A potted history of WiRE

Our strapline at WiRE is that the countryside is alive with business –a rich tapestry of small and tiny businesses woven through the villages, farms and market towns which give jobs to local people, sustain farms with an additional inflow of cash, and sustain communities with innovations and activity.

These businesses are small – many are so tiny they can only just be seen with the naked eye – but collectively they are a greater force than the occasional big boy and individually of great value in keeping individual families, communities and small farms going.

And many – most – of these fantastic little businesses – are set up and let by women.

Of course at WiRE we are most interested in the businesses run by women because that is our passion and it is our case that women’s contribution to rural economies is vastly under-rated and rarely considered by the providers of business infrastructure or the makers of policy.

WiRE came out of a time of crisis in the countryside, as Foot and Mouth decimated livestock farms and rural areas were closed down and shut off from the outside world. At that time a huge amount of support was sent out to help farms to diversify and to renew the economies of areas which had suffered such devastating economic impacts. The support was sent out in the form of men in suits who sat down with Mr Farmer while Mrs Farmer made the tea and hopped round in the background “But I have this idea…I have this business….speak to me…AAAGH!”

That all changed when research conducted at Harper Adams University identified that most farm diversifications were established by women and that these businesses were effectively keeping many small farms afloat. We also found that away from farms, many women were setting up their own business as a way of solving the conundrum of how to earn money from the middle of nowhere whilst juggling children, parents and 101 other roles and expectations.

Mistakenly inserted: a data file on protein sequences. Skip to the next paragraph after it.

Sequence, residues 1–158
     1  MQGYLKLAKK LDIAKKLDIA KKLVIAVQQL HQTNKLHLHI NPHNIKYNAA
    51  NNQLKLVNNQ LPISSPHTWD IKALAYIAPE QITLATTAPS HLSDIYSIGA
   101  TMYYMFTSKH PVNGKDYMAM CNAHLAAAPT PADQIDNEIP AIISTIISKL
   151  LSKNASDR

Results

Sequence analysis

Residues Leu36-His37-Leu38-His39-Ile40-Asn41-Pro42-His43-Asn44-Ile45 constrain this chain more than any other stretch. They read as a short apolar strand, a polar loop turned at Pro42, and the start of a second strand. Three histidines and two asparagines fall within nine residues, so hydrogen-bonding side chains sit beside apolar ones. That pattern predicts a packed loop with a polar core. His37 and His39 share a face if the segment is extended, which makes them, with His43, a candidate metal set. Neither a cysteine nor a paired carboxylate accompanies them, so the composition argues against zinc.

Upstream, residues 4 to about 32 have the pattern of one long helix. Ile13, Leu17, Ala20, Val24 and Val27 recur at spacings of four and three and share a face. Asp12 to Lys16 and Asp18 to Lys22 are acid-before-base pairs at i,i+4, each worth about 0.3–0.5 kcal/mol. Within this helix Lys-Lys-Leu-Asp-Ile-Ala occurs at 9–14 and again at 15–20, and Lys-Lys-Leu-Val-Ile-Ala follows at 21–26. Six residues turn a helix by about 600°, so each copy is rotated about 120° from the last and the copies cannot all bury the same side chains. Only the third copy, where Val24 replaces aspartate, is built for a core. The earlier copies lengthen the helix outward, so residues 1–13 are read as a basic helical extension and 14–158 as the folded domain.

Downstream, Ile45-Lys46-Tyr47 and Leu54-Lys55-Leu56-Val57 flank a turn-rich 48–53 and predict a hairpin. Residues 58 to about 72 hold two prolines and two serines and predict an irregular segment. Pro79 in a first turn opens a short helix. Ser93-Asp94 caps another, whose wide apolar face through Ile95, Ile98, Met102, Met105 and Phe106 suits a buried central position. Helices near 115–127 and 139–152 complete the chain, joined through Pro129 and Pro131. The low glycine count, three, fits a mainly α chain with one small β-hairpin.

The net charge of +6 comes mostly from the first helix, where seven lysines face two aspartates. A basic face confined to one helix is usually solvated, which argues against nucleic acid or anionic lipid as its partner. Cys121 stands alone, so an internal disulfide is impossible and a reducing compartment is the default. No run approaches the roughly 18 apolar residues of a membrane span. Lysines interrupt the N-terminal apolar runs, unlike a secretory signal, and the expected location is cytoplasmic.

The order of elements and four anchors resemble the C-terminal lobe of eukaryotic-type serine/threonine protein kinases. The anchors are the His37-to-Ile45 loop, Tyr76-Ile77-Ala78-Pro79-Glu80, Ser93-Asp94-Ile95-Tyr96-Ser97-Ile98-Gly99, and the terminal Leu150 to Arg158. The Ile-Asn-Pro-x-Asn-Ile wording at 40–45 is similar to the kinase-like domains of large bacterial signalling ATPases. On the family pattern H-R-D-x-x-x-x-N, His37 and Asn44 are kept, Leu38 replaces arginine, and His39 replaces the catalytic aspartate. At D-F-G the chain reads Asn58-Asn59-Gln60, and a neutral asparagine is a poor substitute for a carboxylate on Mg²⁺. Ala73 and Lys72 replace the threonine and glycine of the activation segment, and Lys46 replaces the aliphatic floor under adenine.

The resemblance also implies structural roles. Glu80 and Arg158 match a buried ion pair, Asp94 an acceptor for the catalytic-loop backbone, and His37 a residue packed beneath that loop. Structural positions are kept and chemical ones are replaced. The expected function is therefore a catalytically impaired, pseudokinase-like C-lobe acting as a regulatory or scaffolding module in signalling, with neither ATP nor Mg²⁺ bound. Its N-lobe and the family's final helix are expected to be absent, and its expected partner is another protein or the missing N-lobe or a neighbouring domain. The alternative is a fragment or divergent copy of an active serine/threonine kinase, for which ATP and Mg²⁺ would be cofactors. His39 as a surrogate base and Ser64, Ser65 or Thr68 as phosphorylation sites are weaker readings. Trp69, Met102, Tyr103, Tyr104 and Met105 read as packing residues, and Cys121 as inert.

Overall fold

These female entrepreneurs were coming up against a number of barriers, including lack of access to finance, lack of confidence, not being taken seriously, rural isolation, and lack of rural business support. The first WiRE conference attracted almost 500 women from every remote corner of the UK and showed that the countryside was alive with female entrepreneurs; ambitious to overcome their isolation to improve, innovate and grow their businesses.

After many years working with these businesses, WiRE is even more passionate about their importance and amazing contribution to rural life. Not only do these businesses provide jobs and collectively contribute vast sums to the country’s GDP – but they do it whilst embedded in their communities, whilst their owners nurture children, care for elders, run the local scout group and help with early morning milking. These female entrepreneurs keep small farms afloat, remote communities alive and families in the black.

WiRE is now a national organisation, helping rural women develop and grow their business. We have evolved over the years from a fully funded support organisation, offering free training and support groups all over the UK (thanks to EU funding), to the women’s business network we are today, with probably the widest reach across the UK. Over 70 local groups meeting monthly and creating almost 10,000 networking interactions every year – powerful stuff!

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